Zimbabwe 302 for 8 (Ervine 91, Raza 56, Vandersay 3-51) beat Sri Lanka 280 for 9 (Shanaka 102, Kamindu 57, Chatara 3-52, Muzarabani 3-56) by 22 runs
Regis Chakabva provided the innings' early impetus, Craig Ervine hit 91 and put on 106 with Sean Williams, and Sikandar Raza struck a half-century late in the piece to get Zimbabwe to 302 for 7. But the visiting bowlers had to hold their nerve too. In the face of a Dasun Shanaka hundred, which threatened to turn the game after Sri Lanka's terrible start, Blessing Muzarabani and Richard Ngarava bowled exceptional final spells to suck the oxygen out of Sri Lanka's desperate chase, eventually sealing a 22-run win that leveled the series.
Earlier in Sri Lanka's innings, Zimbabwe's seamers had struck perhaps the most decisive blows of the match. Tendai Chatara bowled Kusal Mendis in the fifth over, Muzarabani then had Pathum Nissanka caught behind for 16, before having Dinesh Chandimal out at slip in his next over. Sri Lanka were 31 for 3, then when Charith Asalanka got out, 63 for 4 in the 15th over.
That the hosts recovered was down to Shanaka, and the 118-run fourth-wicket stand he put on with Kamindu Mendis. But the required rate continued to climb right through that partnership, and although Shanaka progressed to his first international century in the company of Chamika Karunaratne, he could never quite push his team into the ascendancy. He got to triple figures with a six over deep square leg, but when he holed out to long off the next ball, with 56 still to get off 32 deliveries, Sri Lanka's chase essentially lost its last serious hope.
Sri Lanka went down by 22 runs in the end, their last wicket pair in the middle at the close. Chatara and Muzarabani shared three wickets apiece, while Ngarava and Wessley Madhevere took one each. Left-arm spinner Wellington Masakadza contributed to Zimbabwe's defence too, conceding just 34 from his eight overs.
Zimbabwe had only hit seven less in the previous ODI, on a very similar surface, and at the same ground. But this time, they took Sri Lanka by the collar by claiming early wickets.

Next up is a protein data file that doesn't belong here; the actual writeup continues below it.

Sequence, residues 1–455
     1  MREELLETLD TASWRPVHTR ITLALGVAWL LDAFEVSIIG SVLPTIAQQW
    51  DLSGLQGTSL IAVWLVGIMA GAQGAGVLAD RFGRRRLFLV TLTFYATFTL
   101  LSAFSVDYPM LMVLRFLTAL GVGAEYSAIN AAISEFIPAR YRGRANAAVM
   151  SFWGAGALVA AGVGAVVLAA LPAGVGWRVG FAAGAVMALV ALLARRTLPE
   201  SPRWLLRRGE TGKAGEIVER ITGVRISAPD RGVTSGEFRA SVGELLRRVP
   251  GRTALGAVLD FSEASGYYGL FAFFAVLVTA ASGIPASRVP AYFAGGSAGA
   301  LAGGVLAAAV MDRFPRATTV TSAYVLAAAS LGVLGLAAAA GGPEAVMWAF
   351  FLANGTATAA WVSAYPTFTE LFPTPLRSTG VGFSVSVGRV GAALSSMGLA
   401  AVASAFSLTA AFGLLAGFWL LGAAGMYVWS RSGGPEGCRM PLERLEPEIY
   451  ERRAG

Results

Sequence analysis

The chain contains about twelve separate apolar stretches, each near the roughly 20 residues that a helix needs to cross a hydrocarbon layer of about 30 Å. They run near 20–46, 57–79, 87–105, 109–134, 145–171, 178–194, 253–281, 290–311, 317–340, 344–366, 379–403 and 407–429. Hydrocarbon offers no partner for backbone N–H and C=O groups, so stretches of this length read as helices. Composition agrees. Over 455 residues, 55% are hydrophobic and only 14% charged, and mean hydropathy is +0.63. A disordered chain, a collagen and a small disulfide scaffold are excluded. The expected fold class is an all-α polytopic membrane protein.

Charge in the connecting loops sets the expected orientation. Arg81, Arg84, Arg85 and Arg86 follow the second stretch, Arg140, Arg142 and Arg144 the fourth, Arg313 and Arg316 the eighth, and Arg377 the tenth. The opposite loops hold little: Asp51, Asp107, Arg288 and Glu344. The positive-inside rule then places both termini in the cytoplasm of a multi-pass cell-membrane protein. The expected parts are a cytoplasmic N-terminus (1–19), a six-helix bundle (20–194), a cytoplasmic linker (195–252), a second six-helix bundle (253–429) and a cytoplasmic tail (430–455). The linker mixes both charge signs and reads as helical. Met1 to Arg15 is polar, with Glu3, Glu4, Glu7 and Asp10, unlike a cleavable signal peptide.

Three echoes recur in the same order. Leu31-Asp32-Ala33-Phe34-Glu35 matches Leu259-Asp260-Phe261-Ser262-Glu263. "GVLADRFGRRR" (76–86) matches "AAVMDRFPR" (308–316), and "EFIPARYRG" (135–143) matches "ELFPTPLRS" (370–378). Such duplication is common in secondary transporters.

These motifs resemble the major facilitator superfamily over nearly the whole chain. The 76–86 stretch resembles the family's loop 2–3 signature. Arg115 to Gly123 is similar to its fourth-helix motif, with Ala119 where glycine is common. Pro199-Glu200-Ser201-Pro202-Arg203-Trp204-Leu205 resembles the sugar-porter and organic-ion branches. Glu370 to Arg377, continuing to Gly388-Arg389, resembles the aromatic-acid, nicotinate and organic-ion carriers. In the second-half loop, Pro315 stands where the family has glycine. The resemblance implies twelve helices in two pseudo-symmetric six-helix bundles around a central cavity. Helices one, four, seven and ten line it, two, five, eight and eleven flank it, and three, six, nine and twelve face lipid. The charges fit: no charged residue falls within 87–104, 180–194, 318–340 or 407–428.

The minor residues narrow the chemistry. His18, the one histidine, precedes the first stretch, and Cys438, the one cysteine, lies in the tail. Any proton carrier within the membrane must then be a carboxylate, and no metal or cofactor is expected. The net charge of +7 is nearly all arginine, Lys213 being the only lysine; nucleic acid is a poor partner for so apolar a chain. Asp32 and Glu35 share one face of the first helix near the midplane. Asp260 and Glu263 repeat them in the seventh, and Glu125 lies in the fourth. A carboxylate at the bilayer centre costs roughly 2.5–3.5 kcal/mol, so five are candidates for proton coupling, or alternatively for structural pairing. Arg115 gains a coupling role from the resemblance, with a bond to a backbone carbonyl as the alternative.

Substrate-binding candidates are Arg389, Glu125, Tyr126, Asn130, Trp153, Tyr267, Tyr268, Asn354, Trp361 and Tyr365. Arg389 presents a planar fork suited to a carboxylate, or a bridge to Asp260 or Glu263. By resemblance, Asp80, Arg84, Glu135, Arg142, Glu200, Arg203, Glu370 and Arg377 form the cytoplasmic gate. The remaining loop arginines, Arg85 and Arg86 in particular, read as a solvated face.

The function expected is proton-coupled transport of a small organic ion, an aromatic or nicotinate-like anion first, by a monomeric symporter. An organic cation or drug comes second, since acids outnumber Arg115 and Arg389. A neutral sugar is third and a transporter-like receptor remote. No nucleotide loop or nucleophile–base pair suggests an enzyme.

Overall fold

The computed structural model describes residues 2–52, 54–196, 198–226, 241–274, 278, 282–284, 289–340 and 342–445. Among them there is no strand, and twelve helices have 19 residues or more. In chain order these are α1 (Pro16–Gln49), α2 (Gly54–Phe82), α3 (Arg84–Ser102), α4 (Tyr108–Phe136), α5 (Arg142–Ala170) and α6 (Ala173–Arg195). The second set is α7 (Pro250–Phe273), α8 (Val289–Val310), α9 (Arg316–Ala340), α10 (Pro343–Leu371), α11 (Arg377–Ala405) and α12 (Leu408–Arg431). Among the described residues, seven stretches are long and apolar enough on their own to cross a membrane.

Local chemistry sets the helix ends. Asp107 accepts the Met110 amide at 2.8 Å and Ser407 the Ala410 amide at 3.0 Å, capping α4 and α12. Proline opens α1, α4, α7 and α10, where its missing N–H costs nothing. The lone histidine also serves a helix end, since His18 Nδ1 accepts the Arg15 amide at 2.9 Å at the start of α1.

Kusal Mendis had been dropped at third man off Muzarabani in the second over, but Chatara ensured the mistake would barely cost Zimbabwe, nipping one back off the pitch to breach his defences, for 7. Nissanka, arguably Sri Lanka's best batter in the previous ODI, was out next over, edging a teasing Muzarabani delivery behind.
When Chandimal edged Muzarabani to the slips in the eighth over, it left Sri Lanka at 31 for 3. Already the hosts' chances were dwindling. When Asalanka departed for 23, the hosts' plight appeared pretty much shot.
Kamindu Mendis and Shanaka kept the hosts alive with the biggest stand of the game. Where Kamindu was watchful, Shanaka was aggressive from very early in his innings, smoking Madhevere over midwicket for six off the sixth ball he faced, before crashing him for four through cover later in that over. Shanaka continued to find regular boundaries, particularly square of the wicket. But as briskly as he scored, it never seemed quick enough to put Sri Lanka in control, particularly as Kamindu scored at a measured pace through the course of his knock.
By the end of the 30th over, the required rate had crept up to 7.65. After the 35th, it was up to 8.06, and Kamindu had just got out. Shanaka and Karunaratne then put on 66 together, but the runs didn't come fast enough, and the partnership was not sufficiently substantial.
Zimbabwe's own innings had been, like it was on Sunday, a group project in which a middle-order left-hander took the lead. This time, it was captain Ervine that played the defining knock. He put the bad legside balls away to begin his innings, and then settled into a diet of frequent singles and twos into the outfield, rarely missing the opportunity for a risk-free run. He and Williams ensured Zimbabwe's run rate skipped along at more than 5.5 an over through the course of their big partnership, with Ervine reaching his fifty off the 56th ball he faced.
Later, Raza played a vital innings too. He hit a six off the sixth ball he faced, in the 37th over, and did not let his strike rate dip below fifty for the majority of his innings, getting to his half-century off the 41st ball he faced.
Zimbabwe had rolled up to the 40th over on 232 for 4, and Sri Lanka would perhaps reflect that from that position, they had done well to keep the opposition to 70 runs in the last 10 overs. But when Zimbabwe's quicks made those early strikes, the outlook of the the match changed dramatically.